Vaughn riot witness: ‘Floyd’s family deserves to know the truth’

WILMINGTON — After giving vague statements to investigators in the wake of the 2017 Vaughn prison riot that left Lt. Steven Floyd dead, inmate Cornell Hester testified in court on Thursday afternoon that he recently had a change of heart and gave prosecutors a fuller accounting of his experience.

“I’m a Christian, and I talked to my wife about this,” he told the jury. “I’ve had nightmares about it, but this is the right thing to do Floyd’s family deserves to know the truth.”

Hester was Roman “Rome” Shankaras’ — the inmate currently on trial — cell mate at C Building in James T. Vaughn Correctional Center back on Feb. 1 2017. Shankaras, the eighth inmate to be tried of the 18 originally indicted, is accused of riot, conspiracy, kidnapping, assault and murder. Leaning heavily on two ‘kites’ (prison letters) allegedly written by Shankaras that seem to take responsibility for the riot, prosecutors have been trying to portray him as one of the primary planners of the incident.

In previous interviews immediately after the riot and several months later, Hester said he didn’t provide much detail to investigators because he “feared for his life.” Claiming that other inmates who were in C Building (the site of the riot) were closely monitoring one another for “snitches.” Hester said giving names to prosecutors would have put his life in danger. However, since being moved to a prison in Pennsylvania, he’s less worried.

Roman Shankaras

In a pre-trial interview on April 9, Sgt. David Weaver — the State Police’s lead investigator on the case — said they brought Hester in to prepare for Shankaras’ trial when he started providing “new information.”

Questioned on the stand on Thursday, Hester’s account of the riot mirrors many others from inmates who’ve testified in previous trials. On the morning of Feb. 1, he claims he was startled by the sounds of fighting coming from the hallway. Finding his door had been “popped” open — presumably by the rioting inmates — he looked down the hall to see correctional officers Lt. Floyd, Joshua Wilkinson and Winslow Smith all being attacked by masked inmates.

Two of the inmates, he claimed to have recognized by their faces: Dwayne Staats, who wasn’t wearing a mask, and Obadiah “OB” Miller, whose mask had fallen off in the melee. A third, he said he recognized by voice as Lawrence “Smoke” Michaels. Staats was convicted of kidnapping, conspiracy, riot, assault and murder in the first trial late last year. Miller was found not guilty of conspiracy, assault and kidnapping but the jury returned “no decision” verdicts for riot and the two individual counts of murder (felony murder and murder of a law enforcement officer) in the second trial that wrapped up earlier this year. Michaels is scheduled to stand trial in October.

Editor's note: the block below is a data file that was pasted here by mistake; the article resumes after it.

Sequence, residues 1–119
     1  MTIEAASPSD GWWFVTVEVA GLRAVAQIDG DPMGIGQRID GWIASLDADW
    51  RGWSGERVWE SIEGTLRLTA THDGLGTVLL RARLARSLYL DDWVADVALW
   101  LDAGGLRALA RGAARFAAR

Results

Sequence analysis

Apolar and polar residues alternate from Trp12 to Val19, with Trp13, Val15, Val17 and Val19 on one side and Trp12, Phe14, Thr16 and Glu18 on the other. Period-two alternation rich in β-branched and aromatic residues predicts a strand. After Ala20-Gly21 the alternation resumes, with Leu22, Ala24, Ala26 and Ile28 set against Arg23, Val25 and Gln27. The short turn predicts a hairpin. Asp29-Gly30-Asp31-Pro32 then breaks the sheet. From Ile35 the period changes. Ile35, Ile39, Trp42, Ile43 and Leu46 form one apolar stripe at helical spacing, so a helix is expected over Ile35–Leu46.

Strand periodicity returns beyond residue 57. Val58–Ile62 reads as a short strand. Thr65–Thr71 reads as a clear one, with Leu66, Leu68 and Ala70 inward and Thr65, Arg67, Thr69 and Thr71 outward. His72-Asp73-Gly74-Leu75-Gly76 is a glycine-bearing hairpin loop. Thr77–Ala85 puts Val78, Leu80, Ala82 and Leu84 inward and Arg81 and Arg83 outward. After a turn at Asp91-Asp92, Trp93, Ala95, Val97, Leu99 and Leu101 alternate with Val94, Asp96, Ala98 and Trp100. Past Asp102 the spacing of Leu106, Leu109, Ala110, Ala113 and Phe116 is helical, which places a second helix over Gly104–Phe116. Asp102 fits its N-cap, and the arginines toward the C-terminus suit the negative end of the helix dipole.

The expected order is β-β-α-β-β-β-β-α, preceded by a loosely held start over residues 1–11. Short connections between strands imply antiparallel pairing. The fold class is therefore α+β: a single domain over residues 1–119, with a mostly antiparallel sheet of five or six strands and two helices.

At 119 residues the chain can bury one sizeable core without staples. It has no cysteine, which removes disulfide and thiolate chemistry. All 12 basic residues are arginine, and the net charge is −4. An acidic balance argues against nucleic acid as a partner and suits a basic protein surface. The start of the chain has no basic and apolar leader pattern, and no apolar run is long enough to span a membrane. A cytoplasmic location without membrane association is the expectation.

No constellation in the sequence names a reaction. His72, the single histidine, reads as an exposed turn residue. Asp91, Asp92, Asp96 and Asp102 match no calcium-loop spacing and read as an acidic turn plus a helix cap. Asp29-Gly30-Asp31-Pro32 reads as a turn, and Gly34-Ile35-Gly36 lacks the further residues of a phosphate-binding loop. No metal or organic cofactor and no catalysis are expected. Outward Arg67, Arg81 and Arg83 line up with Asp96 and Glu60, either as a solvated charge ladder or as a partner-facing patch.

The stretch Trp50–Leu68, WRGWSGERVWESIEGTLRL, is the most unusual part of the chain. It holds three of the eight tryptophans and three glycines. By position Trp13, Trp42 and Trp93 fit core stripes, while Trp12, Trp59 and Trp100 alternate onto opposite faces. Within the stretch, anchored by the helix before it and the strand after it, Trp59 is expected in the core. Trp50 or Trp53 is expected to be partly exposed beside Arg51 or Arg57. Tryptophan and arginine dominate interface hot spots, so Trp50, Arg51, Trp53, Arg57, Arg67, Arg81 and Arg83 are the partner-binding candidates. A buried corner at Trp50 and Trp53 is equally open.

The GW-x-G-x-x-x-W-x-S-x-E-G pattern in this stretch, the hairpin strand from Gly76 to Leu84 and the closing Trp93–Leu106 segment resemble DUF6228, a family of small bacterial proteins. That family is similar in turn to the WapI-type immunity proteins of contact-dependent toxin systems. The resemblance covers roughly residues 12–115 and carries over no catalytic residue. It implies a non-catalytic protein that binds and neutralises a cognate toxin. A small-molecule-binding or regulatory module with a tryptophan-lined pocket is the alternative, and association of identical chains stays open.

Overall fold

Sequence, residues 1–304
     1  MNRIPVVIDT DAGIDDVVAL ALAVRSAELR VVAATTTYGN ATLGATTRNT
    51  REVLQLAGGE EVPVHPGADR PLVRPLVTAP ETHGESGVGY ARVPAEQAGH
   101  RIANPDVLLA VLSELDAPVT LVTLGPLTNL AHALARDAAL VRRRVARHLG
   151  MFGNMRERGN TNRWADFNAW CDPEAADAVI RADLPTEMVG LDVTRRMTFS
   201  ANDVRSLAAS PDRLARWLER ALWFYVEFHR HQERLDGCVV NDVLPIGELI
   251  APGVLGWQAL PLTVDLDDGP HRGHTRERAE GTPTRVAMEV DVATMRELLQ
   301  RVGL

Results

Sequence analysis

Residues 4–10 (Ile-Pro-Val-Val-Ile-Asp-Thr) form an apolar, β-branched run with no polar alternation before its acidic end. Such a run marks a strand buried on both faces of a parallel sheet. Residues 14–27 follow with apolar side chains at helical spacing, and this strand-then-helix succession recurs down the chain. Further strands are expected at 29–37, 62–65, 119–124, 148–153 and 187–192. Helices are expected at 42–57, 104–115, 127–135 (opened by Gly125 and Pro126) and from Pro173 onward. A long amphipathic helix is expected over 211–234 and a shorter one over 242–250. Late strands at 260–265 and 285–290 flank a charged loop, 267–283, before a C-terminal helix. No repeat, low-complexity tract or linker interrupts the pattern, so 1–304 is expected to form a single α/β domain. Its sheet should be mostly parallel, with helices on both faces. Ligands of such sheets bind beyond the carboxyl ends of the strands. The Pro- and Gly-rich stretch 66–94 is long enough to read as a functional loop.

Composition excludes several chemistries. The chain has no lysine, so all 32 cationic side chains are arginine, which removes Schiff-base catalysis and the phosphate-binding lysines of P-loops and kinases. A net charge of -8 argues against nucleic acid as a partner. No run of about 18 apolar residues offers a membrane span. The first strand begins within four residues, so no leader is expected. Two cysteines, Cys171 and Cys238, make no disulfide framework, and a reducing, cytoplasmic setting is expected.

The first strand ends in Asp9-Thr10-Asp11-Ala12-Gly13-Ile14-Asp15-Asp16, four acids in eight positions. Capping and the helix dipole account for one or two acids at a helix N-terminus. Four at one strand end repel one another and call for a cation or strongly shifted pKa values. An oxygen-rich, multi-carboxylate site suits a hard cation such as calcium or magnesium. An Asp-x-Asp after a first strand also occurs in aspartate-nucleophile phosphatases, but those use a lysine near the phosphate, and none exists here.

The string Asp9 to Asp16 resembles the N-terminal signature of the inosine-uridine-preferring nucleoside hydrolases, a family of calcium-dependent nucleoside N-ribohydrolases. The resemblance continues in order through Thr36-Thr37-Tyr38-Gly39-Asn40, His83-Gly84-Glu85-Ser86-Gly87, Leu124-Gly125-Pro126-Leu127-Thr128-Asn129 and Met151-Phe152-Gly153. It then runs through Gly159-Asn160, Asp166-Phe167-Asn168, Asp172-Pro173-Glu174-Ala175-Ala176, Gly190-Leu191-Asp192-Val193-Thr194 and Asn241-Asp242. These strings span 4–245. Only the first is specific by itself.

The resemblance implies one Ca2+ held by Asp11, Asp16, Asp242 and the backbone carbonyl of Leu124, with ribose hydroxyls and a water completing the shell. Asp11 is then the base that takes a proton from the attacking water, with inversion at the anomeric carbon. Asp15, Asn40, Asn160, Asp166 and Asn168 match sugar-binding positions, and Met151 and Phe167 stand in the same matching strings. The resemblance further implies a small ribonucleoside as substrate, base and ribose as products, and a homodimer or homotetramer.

Some time after the attack, Hester noted that he overheard Shankaras in their mutual cell talking to Miller about the assault on Floyd.

“OB came back and said to my celly (cell mate): ‘We did everything to Floyd and that N-word (sic) just won’t die.’” said Hester. “So Rome said: ‘get the fire extinguisher and spray him with it or hit him, just finish it.’”

Prosecutors have long claimed that shanks (homemade knives), fire extinguishers and mop wringers were the primary weapons used against the correctional officers during the riot.

After leaving for a short time and returning to the cell later, Hester claims Shankaras was pleased.

“He said: ‘I love when a plan comes together, that goose is cooked,’” claims Hester. “I just couldn’t believe what I was hearing. But I was just trying to stay out of the way and mind my business. I was scared for my life.”

On cross-examination, Shankaras’ defense attorney Patrick Collins grilled Hester on his agreement to testify in exchange for immunity in the case and recent attempts to reduce his sentence — questioning the legitimacy of his recent statements. Hester, who has six and a half years left of a 15 year sentence for burglary and assault, admitted that he has applied for 11 sentence modifications, filed two post conviction relief appeals and is currently pursuing relief under recently-passed laws that apply to habitual offenders. However, Hester claimed that he didn’t come forward to testify in order to make any “deals,” and the immunity obtained in testifying was something applied for by his lawyer.

Mr. Collins’ cross examination of Hester will continue this morning in Judge William C. Carpenter Jr.’s courtroom in the New Castle County Courthouse.

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